Ice nucleation in the contact mode: Temperature and size dependence for selected dusts

Will Cantrell, Michigan Technological University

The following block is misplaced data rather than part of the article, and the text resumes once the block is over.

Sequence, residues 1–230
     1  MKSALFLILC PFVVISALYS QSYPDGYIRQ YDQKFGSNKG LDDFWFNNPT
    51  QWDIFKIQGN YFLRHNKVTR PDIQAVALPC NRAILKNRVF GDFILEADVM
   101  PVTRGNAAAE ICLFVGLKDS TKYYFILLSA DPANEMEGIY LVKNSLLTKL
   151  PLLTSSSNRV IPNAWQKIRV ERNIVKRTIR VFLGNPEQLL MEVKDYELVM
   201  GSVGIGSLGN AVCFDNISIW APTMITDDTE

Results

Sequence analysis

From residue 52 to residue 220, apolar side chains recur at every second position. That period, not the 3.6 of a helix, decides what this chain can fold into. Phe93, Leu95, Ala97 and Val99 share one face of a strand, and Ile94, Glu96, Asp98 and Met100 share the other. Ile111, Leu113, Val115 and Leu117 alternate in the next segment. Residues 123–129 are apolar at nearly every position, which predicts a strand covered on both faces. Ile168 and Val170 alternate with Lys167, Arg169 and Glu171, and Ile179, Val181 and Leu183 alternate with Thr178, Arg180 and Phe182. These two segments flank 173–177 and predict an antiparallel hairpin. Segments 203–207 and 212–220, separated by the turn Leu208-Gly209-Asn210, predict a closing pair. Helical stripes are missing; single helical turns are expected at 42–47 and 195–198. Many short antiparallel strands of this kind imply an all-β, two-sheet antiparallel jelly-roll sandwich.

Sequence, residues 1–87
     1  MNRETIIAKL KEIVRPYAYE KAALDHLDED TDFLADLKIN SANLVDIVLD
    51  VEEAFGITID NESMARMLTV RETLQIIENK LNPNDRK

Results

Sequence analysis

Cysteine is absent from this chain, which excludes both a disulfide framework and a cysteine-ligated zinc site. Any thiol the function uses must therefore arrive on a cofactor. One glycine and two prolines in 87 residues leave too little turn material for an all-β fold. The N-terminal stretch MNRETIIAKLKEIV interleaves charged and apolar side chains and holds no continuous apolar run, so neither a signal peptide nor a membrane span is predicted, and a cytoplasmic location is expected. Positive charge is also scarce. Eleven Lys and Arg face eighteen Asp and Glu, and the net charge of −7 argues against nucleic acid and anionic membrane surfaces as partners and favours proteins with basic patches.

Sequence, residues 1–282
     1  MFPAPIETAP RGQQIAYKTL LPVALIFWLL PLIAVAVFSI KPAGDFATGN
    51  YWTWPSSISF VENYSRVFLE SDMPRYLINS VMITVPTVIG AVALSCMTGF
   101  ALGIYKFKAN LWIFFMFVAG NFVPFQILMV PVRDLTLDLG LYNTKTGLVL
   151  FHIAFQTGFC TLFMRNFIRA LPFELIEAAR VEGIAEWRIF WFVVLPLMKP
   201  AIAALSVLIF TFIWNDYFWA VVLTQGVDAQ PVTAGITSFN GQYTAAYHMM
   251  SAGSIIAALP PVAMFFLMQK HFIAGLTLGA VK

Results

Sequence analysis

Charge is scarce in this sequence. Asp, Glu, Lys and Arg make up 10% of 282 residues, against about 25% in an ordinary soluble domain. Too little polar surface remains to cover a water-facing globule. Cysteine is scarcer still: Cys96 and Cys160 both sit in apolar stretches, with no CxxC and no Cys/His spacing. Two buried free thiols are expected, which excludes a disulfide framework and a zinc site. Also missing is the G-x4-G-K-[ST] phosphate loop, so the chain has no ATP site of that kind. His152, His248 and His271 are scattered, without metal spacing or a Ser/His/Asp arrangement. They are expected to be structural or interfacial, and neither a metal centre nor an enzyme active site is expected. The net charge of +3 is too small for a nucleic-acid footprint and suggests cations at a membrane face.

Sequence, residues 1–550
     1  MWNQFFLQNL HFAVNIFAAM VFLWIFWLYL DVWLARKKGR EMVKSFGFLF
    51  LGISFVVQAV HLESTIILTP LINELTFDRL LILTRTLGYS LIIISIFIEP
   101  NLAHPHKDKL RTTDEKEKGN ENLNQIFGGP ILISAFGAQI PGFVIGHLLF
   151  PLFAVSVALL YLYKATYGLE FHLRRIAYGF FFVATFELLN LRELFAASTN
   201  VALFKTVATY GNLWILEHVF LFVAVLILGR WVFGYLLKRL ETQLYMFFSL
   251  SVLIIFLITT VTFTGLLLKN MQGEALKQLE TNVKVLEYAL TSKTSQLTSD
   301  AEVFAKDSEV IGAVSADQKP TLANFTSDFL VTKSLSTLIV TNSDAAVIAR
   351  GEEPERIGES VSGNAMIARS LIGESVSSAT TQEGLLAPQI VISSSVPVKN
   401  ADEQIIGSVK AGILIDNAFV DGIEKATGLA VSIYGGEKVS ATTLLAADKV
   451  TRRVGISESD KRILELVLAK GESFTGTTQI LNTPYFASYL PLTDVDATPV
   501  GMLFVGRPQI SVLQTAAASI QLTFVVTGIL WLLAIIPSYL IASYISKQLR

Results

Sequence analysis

What initiates ice formation in the atmosphere for temperatures greater than about −20°C? The contact mode, in which an aerosol particle catalyzes freezing at the air-water interface, has been suggested as a possible candidate for primary ice formation at high temperatures; previous work has suggested that it is active at temperatures as much as five degrees higher than the immersion/condensation mode. We will discuss measurements of ice nucleation in the contact mode by Arizona Test Dust, kaolinite, and volcanic ash, which cast doubt upon contact nucleation as a pathway to primary ice production in the atmosphere at high temperatures. Our measurements show that less than one in a thousand Arizona Test Dust particles with a diameter of 1 micron catalyzes freezing of water in the contact mode at −18°C. Kaolinite and volcanic ash were less effective; in fact the only substance we have tested which has an efficiency approaching one in ten in the contact mode for any temperature greater than −20°C is Snomax™, a commercially available form of the bacteria,P. syringae Our measurements also suggest that the smallest Arizona Test Dust particles we investigated (electrical mobility diameter of 62.5 nm) are more effective as contact nuclei. Differences in the morphology of the dust as a function of size may be responsible for the difference.